This common vinaigrette ingredient has untapped emulsifying potential.
In our Foolproof Vinaigrette (see recipe in related content), we use 1/2 teaspoon of mayonnaise to keep normally incompatible oil and vinegar combined after whisking. Mayonnaise works well in this role because it contains egg yolks, which are rich in a phospholipid called lecithin, a superb emulsifier. Lecithin coats the surface of water droplets, preventing them from merging with one another and helping them remain suspended in oil.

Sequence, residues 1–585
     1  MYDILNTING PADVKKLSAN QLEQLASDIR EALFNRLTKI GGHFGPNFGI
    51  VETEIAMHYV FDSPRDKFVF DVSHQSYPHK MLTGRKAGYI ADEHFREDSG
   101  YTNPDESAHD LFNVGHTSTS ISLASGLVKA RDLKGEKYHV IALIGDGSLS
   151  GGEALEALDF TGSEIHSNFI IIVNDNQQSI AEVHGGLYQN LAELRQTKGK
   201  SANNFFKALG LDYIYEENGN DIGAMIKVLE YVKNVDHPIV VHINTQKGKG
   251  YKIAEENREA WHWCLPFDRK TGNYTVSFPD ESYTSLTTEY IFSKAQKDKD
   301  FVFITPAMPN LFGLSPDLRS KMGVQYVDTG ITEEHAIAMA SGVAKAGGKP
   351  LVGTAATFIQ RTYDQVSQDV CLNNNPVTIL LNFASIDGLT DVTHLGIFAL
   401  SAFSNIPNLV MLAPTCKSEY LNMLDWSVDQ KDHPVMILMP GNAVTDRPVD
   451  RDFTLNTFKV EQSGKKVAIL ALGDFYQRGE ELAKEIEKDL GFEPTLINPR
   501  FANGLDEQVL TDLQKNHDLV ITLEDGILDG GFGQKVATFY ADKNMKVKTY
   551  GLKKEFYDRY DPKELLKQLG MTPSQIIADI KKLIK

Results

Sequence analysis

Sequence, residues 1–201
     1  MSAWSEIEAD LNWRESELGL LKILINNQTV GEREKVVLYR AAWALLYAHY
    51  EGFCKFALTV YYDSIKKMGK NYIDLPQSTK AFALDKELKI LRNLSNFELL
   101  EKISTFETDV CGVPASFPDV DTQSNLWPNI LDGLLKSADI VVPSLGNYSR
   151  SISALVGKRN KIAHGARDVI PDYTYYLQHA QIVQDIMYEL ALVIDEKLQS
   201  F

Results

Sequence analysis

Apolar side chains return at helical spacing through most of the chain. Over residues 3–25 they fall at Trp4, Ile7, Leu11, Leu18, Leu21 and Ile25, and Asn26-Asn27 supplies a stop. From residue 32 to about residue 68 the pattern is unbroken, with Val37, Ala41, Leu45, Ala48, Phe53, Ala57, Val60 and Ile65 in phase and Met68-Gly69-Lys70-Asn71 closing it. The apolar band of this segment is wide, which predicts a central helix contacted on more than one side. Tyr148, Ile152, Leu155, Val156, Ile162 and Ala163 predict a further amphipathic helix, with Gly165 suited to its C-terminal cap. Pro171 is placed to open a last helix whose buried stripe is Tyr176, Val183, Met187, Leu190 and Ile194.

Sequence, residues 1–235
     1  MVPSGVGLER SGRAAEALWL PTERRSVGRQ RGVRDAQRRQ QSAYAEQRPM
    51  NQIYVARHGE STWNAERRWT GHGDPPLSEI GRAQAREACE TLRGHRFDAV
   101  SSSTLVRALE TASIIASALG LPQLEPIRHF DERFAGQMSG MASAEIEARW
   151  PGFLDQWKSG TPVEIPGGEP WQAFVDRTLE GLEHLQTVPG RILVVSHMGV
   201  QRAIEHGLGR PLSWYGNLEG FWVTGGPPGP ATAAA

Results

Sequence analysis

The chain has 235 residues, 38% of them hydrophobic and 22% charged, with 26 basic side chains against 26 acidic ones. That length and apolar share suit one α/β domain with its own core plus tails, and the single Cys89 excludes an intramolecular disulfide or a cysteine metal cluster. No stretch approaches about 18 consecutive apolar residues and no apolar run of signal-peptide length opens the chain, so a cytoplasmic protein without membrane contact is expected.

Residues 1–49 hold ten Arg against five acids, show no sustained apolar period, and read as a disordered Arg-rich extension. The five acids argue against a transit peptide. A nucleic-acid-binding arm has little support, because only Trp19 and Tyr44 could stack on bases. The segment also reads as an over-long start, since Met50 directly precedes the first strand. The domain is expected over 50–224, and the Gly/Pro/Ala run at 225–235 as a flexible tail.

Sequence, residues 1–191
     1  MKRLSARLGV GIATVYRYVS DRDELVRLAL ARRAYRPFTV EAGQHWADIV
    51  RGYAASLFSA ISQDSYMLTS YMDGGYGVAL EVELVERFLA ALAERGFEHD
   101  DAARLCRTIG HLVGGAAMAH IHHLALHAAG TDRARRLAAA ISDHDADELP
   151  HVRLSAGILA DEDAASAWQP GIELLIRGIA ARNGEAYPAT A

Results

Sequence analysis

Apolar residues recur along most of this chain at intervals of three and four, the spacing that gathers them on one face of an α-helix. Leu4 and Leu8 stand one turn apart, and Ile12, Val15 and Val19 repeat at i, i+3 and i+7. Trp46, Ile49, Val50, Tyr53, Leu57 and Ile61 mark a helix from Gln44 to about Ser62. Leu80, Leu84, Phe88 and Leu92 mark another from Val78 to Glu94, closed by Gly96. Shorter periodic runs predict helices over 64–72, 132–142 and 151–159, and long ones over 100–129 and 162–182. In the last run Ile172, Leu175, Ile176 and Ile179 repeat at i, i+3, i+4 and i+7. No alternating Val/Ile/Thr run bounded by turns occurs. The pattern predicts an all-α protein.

Mustard contains a carbohydrate called mucilage that acts as an effective emulsifier. That’s why mustard powder often shows up in dressings. But there’s another common vinaigrette ingredient with untapped emulsifying potential: garlic. We found that 1⁄4 teaspoon of garlic paste (made by mashing minced garlic and coarse salt with the side of a chef’s knife or by rubbing a clove on a rasp-style grater) per 1⁄4 cup of vinaigrette worked nearly as well as mayonnaise to stabilize dressing. Chopped or finely minced garlic, on the other hand, showed little emulsifying ability, since the emulsifiers remained bound within its cell walls.